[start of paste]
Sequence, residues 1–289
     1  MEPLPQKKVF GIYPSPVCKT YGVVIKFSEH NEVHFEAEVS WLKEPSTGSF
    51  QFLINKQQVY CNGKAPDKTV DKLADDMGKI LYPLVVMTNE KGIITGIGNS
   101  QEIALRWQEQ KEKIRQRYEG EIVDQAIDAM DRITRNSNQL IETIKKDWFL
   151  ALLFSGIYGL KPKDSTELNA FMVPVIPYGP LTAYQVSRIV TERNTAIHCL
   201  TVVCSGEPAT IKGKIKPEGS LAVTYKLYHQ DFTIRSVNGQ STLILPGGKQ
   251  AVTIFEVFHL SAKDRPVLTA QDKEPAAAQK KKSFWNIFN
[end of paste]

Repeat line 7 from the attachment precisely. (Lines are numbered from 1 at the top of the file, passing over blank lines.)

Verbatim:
   251  AVTIFEVFHL SAKDRPVLTA QDKEPAAAQK KKSFWNIFN